This results in the ability for an attacker to download and install malicious software on a system through compromised email or through a drive-by-download on a compromised website. An attacker may also be able to take control of an infected system and exfiltrate data through a direct connection. Furthermore, if an attacker has root access to an account, they can escalate privileges on the system and fully control it. The weaknesses in the Windows file permission model have been well documented. Microsoft has been working to address these issues through the Windows Security Development Lifecycle (SDL). At release of 22, most of the SDL issues have been addressed. However, there are still some areas of weakness. The most significant of these is in the handling of public profiles.
How an attacker can take control of a system
An attacker may be able to take control of a system by exploiting a weakness in the Windows file permission model. Permissions are set based on the user context, which means that if an attacker can gain access to your account, they can potentially change permissions on any file they want. This comes with the risk of giving attackers full administrator privileges. Furthermore, if an attacker has root access to an account, they can escalate privileges on the system and fully control it. If you want to mitigate this risk, change the default permissions for files and folders so all users have read/write permissions, or use third-party software like TrustLook.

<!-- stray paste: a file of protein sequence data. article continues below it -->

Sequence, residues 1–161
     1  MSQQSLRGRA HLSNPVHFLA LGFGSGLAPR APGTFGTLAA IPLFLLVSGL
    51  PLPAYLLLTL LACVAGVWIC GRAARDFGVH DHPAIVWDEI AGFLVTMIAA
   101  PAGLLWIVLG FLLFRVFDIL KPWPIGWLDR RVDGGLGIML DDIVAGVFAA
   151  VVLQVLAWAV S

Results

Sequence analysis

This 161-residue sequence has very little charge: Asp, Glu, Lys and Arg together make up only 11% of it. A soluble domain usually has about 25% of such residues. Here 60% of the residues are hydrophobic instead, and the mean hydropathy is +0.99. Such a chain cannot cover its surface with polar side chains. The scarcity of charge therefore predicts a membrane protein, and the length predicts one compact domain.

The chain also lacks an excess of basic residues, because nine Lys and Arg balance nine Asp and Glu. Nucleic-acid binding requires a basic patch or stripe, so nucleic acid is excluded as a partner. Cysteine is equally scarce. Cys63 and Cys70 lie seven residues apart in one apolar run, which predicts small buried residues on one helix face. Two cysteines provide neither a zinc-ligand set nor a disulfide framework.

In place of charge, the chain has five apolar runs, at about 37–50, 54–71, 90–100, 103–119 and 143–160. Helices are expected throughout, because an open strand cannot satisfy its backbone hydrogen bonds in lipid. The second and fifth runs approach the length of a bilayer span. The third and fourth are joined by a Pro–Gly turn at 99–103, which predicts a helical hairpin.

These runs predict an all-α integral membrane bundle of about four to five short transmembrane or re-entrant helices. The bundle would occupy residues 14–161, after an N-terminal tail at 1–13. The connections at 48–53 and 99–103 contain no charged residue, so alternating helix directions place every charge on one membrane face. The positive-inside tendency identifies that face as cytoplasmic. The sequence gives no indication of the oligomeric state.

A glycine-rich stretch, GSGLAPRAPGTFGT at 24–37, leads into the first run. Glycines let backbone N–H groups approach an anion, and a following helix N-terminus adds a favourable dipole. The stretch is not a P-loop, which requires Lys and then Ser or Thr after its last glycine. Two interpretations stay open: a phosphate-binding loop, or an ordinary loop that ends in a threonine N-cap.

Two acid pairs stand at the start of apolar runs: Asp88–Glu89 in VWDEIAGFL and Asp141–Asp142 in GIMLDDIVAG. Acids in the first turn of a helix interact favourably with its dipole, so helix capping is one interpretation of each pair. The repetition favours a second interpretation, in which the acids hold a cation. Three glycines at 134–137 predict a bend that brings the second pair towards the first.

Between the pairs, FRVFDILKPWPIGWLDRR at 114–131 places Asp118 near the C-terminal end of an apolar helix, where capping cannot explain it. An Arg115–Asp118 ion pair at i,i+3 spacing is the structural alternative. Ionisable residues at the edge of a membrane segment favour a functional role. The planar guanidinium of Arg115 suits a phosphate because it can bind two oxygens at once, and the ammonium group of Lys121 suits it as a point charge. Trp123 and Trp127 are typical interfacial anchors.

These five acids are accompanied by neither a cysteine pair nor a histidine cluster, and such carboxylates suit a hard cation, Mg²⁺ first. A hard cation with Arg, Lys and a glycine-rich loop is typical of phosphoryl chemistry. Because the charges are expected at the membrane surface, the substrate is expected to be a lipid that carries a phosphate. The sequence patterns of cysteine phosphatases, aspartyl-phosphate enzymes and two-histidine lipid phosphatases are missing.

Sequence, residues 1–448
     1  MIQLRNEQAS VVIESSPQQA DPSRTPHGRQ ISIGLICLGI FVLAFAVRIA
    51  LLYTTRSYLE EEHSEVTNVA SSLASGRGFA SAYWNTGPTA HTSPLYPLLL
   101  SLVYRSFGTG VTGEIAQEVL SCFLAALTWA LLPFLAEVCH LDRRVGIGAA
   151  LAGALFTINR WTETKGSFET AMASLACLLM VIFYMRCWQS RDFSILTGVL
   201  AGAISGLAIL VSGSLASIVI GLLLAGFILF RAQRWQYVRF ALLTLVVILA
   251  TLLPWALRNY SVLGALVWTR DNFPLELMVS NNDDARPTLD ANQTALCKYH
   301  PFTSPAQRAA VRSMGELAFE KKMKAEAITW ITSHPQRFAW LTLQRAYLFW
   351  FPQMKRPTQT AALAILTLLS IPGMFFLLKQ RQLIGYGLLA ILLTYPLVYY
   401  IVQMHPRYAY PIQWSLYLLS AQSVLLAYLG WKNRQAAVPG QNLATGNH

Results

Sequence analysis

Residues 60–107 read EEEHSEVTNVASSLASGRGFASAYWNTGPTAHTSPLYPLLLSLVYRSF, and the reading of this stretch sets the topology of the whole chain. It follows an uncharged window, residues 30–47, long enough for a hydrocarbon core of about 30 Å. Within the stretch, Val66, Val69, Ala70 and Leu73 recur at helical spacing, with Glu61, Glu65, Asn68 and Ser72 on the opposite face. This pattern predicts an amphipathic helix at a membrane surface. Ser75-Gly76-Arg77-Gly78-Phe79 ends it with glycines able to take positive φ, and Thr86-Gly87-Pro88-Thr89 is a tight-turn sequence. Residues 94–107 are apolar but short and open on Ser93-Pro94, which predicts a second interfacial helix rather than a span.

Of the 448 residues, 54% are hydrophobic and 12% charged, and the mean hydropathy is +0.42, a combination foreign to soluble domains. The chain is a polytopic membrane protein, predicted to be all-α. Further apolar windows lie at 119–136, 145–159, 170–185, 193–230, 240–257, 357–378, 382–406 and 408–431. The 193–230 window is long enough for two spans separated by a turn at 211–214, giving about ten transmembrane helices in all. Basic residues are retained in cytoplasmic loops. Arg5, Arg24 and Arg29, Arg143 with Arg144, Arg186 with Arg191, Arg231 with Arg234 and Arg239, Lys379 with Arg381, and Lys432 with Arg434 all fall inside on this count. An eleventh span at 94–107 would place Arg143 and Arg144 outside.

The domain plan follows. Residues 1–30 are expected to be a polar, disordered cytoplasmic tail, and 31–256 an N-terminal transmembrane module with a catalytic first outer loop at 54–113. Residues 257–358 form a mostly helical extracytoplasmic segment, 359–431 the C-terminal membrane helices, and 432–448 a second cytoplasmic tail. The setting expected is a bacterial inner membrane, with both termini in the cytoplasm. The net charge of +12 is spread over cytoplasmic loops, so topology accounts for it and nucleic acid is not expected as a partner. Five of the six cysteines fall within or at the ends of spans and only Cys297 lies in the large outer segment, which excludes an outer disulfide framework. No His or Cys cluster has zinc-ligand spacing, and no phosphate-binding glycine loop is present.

Windows file permission model
The Windows file permission model is a system of rules and attributes that define who has access to files and folders on a system and how they can be accessed. This is primarily done through the use of Access Control Lists (ACLs) stored in the Windows Registry. When an ACL is created, it starts with the Administrator account and any other accounts that have been granted administrator privileges. The privileges of these accounts are extended to their children and grandchildren, which means that any child account inherits the permissions from its parent. If these privileges are not removed when they no longer apply, they could give an attacker full control over a system. This issue was addressed with Windows Vista in Service Pack 1, but still exists in later releases of Vista.